62% of Brits prefer their work spouse to their REAL partner

62% of Brits prefer their work spouse to their REAL partner

62% of millennials prefer their “work spouse” to their partner at home, according to shocking research from LinkedIn.

The researchers found that 17% of younger workers have a so-called ‘work spouse’, and 75% of those who do feel that the relationship makes them more comfortable at work.

A ‘work spouse’ is a co-worker, normally of a different gender, who you share a special bond with. Since you share the same workplace, the same daily stresses and understand each other’s workloads, such a friendship can build quickly.

But it’s not only work partners that help build a career, as the research revealed that 37% felt that having a work rival had a positive impact on their career, with 67% being motivated to succeed and 47% to work harder.

Younger generations are more likely to form rivalries, with nearly half (47%) of 16-24-year-olds confessing to having such a nemesis. Yet, younger employees are also more sociable with colleagues. A third (33%) of millennials have a ‘work bestie’ who they meet outside of work, higher than the 28% average.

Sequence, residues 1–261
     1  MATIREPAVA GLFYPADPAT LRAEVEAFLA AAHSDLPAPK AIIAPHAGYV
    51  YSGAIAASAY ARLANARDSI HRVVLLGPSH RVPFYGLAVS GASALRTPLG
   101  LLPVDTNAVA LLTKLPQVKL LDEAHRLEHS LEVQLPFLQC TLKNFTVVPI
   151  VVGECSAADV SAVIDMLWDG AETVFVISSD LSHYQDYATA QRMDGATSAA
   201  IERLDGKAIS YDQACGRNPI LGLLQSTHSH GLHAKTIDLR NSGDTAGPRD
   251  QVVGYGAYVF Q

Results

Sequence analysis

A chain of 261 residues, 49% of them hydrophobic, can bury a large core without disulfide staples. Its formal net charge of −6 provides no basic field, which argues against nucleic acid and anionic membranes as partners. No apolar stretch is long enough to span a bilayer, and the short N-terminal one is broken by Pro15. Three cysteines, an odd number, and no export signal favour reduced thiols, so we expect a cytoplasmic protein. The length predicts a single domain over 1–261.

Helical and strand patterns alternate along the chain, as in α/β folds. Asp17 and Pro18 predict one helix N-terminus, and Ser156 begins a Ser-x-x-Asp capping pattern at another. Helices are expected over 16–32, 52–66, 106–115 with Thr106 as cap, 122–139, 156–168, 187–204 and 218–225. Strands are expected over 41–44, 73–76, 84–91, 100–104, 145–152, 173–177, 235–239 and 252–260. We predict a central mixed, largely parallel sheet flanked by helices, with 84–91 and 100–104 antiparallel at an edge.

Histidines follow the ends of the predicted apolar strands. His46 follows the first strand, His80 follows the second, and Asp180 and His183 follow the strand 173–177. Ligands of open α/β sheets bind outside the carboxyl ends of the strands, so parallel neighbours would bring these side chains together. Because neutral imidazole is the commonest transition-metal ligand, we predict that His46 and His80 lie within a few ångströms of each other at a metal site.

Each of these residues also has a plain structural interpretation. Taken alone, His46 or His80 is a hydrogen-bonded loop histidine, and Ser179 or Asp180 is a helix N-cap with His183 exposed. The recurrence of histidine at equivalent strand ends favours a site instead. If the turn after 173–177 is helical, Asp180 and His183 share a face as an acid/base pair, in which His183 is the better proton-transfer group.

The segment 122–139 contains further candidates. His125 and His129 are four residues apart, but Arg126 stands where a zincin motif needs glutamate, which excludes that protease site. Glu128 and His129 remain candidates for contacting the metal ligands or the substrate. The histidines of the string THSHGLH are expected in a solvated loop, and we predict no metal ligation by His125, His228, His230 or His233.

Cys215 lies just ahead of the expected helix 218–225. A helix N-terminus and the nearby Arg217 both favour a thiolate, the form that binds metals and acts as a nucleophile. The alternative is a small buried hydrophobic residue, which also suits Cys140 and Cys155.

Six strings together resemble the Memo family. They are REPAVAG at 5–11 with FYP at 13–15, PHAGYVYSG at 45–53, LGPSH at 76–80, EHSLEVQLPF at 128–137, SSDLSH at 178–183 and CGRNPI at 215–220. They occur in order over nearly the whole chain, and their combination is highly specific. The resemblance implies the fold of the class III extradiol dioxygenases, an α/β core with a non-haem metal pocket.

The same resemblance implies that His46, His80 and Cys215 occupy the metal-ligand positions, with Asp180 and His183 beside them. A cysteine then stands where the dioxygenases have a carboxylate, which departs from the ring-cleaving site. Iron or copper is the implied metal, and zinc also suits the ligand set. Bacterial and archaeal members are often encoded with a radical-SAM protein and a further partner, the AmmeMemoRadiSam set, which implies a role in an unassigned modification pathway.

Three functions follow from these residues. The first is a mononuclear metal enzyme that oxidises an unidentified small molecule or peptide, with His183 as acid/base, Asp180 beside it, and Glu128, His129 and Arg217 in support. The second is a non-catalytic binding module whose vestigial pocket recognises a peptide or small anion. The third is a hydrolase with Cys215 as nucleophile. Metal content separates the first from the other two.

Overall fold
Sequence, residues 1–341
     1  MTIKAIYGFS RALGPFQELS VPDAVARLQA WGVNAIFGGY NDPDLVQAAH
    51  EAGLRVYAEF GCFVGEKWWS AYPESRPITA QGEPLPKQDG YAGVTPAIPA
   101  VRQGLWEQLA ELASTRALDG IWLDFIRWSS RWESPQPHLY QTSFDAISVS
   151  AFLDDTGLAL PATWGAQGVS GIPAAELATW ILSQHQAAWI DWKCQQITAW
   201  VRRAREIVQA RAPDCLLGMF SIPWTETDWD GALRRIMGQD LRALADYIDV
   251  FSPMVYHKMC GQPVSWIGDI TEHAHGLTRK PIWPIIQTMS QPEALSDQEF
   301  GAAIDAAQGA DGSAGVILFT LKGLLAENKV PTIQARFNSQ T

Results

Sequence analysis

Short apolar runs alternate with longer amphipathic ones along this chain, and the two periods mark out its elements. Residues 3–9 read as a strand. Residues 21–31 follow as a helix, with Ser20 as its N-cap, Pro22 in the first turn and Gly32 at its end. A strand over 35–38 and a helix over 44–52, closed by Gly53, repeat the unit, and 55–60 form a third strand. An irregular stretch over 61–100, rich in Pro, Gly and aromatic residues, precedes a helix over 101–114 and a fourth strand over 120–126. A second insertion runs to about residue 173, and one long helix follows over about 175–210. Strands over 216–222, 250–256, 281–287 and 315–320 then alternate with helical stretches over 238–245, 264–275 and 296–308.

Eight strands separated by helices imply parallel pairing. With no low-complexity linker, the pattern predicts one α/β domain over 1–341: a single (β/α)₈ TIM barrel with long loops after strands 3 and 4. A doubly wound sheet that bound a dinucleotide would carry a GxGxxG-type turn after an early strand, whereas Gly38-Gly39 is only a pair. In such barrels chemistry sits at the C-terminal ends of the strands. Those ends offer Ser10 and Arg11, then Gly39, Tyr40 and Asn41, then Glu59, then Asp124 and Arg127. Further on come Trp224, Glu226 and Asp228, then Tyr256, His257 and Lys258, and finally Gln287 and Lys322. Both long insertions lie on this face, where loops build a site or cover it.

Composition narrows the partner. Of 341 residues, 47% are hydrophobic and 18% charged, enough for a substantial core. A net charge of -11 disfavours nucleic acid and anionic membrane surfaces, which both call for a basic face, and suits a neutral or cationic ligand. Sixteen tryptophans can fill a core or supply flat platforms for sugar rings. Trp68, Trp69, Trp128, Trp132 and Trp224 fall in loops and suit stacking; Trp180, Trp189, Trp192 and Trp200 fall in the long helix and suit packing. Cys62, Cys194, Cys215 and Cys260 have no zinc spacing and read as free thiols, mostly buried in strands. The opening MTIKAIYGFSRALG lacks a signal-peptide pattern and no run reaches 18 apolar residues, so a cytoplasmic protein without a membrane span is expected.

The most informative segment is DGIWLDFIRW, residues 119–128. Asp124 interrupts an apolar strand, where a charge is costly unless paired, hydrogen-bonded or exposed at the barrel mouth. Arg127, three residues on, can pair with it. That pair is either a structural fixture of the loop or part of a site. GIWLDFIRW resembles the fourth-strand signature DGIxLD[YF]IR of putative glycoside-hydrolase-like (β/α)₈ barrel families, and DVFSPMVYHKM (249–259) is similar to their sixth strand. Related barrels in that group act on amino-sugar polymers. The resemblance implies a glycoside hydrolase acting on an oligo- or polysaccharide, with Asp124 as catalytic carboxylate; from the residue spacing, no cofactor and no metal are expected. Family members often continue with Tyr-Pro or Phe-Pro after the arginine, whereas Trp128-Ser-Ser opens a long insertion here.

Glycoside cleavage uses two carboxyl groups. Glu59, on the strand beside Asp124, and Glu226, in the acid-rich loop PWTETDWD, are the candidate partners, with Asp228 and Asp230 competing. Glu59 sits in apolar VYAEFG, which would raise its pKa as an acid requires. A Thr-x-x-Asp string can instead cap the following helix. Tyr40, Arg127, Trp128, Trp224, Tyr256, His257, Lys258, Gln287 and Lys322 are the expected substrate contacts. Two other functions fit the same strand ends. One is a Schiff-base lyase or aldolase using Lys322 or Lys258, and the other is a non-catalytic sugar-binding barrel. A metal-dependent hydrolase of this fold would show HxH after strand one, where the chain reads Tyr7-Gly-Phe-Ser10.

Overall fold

And 35% reported that having a ‘cheerleader’ positively impacted their career – that is, someone who will provide encouragement and support for you. Despite this, many respondents said that having a rival was better for them, as 14% would rather have a rival than a cheerleader.

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Career Coach Alice Stapleton explained that there are many positive benefits to a bit of healthy competition. “Having a rival can push you to deliver your best work and say yes to opportunities that are outside your comfort zone,” she said.

“Although, having a balance is really important - Cheerleaders can be a great support, and are fantastic for building confidence and self-belief. Broadening your network can help you to identify these key players, build a strong community, and ultimately have a more successful career.”

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